For Devils Backbone, Selling Out Might Not Be Such a Bad Thing

Devil's Backbone beer flights. Photograph by Flickr user brad.

Illustration by Mikey Burton.In April, Devils Backbone Brewing Company in Roseland, Virginia, announced it was being acquired by Anheuser-Busch InBev, the world’s largest beer producer. Washington’s craft-beer scene reacted with the usual dread that happens when a multinational corporation buys a homegrown little guy. On social media, beer nerds accused Devils Backbone of selling out and cashing in.

There’s a certain logic to that reaction: Craft brewers are by nature experimental and nimble, while major corporations like A-B can be timid and lumbering. But Devils Backbone—which opened in 2008 and produced 67,000 barrels last year—is banking on its new owner to scale it up massively. After all, since A-B bought Chicago’s Goose Island Beer Company in 2011, Midwestern favorites such as Goose Island’s IPA and wheat ale have become bar staples around the country—and have retained, perhaps to anti-corporatists’ chagrin, their quality. Similarly, Devils Backbone Vienna Lager might one day line beer aisles thousands of miles from the company’s Nelson County home.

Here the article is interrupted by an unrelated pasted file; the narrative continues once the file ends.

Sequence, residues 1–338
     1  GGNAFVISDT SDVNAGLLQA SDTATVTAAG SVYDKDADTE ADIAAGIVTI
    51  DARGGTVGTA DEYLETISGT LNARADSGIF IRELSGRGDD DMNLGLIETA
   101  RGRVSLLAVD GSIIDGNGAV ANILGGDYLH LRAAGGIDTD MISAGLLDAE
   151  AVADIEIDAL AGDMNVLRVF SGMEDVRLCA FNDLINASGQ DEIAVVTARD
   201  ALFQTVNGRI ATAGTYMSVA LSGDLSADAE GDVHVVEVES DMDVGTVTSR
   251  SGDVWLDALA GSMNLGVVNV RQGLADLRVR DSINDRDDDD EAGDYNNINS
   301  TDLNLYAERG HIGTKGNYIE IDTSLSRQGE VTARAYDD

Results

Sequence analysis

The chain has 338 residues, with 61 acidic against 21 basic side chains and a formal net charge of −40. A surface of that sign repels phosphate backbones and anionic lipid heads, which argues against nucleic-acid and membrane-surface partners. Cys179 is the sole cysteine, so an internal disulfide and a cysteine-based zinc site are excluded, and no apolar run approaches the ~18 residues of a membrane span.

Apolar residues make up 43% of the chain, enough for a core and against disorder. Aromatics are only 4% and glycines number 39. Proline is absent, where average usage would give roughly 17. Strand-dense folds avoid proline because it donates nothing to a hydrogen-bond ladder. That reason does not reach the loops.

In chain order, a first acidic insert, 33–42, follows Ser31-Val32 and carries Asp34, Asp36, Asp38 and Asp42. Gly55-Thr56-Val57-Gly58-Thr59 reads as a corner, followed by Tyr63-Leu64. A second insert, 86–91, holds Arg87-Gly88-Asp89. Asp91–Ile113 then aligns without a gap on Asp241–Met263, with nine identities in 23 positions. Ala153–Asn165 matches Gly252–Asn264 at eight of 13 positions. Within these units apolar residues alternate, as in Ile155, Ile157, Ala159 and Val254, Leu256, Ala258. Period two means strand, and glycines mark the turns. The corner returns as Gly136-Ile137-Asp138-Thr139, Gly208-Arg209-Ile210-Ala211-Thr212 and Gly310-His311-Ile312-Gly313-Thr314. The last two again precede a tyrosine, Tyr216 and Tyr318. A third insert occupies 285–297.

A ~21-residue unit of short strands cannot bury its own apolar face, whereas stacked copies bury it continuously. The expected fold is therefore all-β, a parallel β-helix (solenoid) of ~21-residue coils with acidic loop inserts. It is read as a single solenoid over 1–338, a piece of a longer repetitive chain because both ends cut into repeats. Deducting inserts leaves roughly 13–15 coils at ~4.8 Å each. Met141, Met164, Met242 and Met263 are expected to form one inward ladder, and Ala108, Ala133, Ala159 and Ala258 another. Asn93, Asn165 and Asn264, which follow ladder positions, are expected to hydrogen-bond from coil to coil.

Just one thing: Don’t call Devils Backbone “craft beer” anymore. By definition, craft breweries produce fewer than 6 million barrels a year—Anheuser-Busch produced 391 million in 2014. The day the sale was announced, Devils Backbone lost its status as a voting member of the Brewers Association, the craft-brewing industry’s lobby, and brewery cofounder Steve Crandall was forced to resign from its board. Moreover, these mergers set back craft beer’s long-term goals. Craft breweries accounted for 12 percent of US beer sales last year, according to the Brewers Association; the association wants 20 percent of the market by 2020.

Although your average customer might not care, discerning drinkers and local breweries that once competed—or collaborated—with Devils Backbone could feel put out. “One brewery’s buyout won’t cause a radical shift in the overall DC beer scene,” says Bill DeBaun, editor of “Ultimately, this will matter most to those individual consumers who see their beer purchases as statements of their values. For drinkers who don’t care about beer politics, this mostly means seeing more Devils Backbone for cheaper, which will piss off many breweries who now have to compete with A-B’s muscle in Devils Backbone’s packaging.”

This article appears in our August 2016 issue of Washingtonian.

Staff Writer

Benjamin Freed joined Washingtonian in August 2013 and covers politics, business, and media. He was previously the editor of DCist and has also written for Washington City Paper, the New York Times, the New Republic, Slate, and BuzzFeed. He lives in Adams Morgan.